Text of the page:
Theme Name: Default Theme
                      Theme URI: 
                      Version: 1.0
                      Author URI: 

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It is important that you fill in the missing information.  Change the Default Theme to the name of your new theme.  Give the website URL as the Theme URI.  As you update your files, revise the version number.  Give your name as the Author, and if you have your own website, give the URL as the Author URI, otherwise just list the website URL.

The style.css file comes with some basic CSS already present in the file.  You can change this to suit your taste.

The footer.php file contains code that gives credit to WordPress.  Although not required, it is recommended that you keep some form of recognition for the many hard volunteer hours involved in developing this platform visible somewhere on your site to honor the sacrifices made. Perhaps if you don't like this method, you could come up with your own.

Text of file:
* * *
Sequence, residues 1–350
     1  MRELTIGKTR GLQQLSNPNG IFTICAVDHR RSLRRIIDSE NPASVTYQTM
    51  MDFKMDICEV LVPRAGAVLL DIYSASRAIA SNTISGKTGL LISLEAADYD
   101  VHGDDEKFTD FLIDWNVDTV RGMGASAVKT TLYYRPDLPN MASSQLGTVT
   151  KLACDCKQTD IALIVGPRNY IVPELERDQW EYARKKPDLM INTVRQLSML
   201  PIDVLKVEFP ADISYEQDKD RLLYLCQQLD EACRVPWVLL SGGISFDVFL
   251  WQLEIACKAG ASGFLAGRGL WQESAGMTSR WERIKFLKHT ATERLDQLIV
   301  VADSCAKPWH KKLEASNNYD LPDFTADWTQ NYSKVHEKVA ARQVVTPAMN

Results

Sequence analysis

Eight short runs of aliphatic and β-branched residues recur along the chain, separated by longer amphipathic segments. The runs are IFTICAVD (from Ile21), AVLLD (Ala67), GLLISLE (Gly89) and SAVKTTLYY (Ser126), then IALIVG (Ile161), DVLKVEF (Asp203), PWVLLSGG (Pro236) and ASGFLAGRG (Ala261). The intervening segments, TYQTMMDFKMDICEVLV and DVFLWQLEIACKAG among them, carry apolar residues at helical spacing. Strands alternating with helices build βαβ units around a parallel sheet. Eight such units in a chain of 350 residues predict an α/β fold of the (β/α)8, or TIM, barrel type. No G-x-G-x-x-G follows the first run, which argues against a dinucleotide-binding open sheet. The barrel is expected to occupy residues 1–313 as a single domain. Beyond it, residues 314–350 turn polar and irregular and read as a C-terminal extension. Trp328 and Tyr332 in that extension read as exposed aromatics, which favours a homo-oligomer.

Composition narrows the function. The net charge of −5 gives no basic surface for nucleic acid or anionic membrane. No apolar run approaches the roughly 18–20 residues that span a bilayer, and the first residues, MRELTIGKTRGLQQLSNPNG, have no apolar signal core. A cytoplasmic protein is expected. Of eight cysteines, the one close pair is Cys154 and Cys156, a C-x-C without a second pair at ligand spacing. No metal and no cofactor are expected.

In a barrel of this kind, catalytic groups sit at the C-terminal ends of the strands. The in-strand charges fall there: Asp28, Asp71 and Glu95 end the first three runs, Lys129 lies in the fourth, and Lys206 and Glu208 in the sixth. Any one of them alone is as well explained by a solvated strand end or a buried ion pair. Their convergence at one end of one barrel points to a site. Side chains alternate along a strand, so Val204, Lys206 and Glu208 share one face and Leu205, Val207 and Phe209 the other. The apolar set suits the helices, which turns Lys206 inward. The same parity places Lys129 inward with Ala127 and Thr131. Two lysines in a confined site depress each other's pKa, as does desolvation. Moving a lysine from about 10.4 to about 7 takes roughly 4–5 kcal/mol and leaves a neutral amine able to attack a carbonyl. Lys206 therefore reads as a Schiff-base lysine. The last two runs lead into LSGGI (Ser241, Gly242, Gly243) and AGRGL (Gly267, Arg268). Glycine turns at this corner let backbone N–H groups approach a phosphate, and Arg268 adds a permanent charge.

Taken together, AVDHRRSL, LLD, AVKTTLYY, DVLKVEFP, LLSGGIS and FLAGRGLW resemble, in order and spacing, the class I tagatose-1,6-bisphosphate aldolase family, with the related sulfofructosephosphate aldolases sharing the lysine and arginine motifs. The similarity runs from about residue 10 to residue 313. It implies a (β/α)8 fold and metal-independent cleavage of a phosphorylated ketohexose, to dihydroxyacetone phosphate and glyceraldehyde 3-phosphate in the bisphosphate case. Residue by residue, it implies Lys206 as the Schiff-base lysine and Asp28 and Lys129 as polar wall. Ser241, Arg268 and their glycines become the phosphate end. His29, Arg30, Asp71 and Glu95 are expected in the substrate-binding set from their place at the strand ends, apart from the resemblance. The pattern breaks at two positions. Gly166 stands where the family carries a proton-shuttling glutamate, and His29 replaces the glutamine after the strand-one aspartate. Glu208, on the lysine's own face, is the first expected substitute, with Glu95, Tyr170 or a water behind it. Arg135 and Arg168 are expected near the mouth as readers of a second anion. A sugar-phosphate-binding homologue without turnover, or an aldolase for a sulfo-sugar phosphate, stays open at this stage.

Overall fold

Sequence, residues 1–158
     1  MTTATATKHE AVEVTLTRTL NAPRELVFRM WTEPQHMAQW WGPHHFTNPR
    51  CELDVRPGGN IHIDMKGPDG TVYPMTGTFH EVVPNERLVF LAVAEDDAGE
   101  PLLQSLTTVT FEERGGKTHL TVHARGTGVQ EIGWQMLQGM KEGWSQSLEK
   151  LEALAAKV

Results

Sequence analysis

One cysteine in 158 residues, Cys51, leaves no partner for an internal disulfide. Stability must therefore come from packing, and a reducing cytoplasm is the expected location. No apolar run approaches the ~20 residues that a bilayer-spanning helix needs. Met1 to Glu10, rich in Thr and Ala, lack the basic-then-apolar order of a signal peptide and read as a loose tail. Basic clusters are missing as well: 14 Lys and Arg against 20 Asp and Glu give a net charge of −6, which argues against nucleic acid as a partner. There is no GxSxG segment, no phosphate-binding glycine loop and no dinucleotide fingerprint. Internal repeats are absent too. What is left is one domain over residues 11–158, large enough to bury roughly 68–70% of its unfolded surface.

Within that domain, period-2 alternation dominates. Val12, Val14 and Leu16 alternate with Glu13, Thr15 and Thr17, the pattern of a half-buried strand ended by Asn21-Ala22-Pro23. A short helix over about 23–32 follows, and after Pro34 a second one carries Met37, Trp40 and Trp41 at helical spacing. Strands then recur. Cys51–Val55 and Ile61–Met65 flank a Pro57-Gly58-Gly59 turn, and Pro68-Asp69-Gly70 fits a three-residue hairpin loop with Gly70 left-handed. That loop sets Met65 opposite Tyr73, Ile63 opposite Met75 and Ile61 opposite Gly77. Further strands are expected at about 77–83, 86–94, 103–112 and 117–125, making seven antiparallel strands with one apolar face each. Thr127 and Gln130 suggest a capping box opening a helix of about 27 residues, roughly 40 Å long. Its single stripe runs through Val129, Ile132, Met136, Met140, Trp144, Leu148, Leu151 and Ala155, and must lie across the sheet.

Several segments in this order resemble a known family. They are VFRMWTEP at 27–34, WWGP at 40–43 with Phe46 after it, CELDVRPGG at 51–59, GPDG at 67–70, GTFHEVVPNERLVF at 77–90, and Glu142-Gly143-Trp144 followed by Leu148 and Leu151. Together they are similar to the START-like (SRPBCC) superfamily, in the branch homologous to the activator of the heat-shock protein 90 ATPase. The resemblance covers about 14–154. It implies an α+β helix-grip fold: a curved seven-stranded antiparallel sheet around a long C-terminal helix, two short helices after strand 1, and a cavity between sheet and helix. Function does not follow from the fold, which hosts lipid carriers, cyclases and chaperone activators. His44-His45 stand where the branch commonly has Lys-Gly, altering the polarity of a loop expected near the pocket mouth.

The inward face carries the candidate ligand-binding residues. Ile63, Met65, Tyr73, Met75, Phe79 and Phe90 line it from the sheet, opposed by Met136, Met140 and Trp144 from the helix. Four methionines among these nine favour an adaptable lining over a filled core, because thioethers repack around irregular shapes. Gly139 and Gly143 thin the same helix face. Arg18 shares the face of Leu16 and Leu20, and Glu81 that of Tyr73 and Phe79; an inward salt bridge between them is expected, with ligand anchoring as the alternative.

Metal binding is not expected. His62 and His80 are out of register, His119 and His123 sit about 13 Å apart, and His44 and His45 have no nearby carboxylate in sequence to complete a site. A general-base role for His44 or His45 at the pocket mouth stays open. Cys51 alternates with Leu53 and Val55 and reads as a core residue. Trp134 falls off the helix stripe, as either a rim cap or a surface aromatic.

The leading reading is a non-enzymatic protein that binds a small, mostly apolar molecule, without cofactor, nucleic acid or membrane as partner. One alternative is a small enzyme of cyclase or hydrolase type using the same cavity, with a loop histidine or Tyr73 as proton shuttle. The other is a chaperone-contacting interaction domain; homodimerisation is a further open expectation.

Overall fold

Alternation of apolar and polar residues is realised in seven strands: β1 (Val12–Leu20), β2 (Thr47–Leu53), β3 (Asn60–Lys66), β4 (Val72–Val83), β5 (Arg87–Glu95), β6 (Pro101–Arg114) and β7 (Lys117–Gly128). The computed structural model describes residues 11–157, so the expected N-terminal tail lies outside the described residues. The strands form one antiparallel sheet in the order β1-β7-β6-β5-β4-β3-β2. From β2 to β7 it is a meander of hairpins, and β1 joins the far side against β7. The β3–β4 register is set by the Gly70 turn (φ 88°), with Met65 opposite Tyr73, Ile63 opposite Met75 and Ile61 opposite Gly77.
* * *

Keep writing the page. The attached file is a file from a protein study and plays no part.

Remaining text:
Once you have accomplished this you are ready to upload these files to your site.

WordPress Directory Structure

The root of your WordPress site contains fundamental core scripts used in the operation of WordPress as well as three main folders: wp-admin, wp-content, and wp-includes.  You should always try to limit your customizations to the wp-content folder because the other core files will get replaced (with a few notable exceptions) anytime you update WordPress.